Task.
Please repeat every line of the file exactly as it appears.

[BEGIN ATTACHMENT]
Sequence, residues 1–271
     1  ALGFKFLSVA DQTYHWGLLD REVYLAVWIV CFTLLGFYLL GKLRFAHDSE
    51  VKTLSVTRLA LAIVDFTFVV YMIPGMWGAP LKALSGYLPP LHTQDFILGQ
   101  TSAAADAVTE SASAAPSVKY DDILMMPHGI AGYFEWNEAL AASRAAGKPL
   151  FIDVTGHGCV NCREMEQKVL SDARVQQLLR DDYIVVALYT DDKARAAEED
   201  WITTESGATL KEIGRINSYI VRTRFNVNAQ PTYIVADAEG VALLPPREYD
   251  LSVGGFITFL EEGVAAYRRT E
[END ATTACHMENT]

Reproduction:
Sequence, residues 1–271
     1  ALGFKFLSVA DQTYHWGLLD REVYLAVWIV CFTLLGFYLL GKLRFAHDSE
    51  VKTLSVTRLA LAIVDFTFVV YMIPGMWGAP LKALSGYLPP LHTQDFILGQ
   101  TSAAADAVTE SASAAPSVKY DDILMMPHGI AGYFEWNEAL AASRAAGKPL
   151  FIDVTGHGCV NCREMEQKVL SDARVQQLLR DDYIVVALYT DDKARAAEED
   201  WITTESGATL KEIGRINSYI VRTRFNVNAQ PTYIVADAEG VALLPPREYD
   251  LSVGGFITFL EEGVAAYRRT E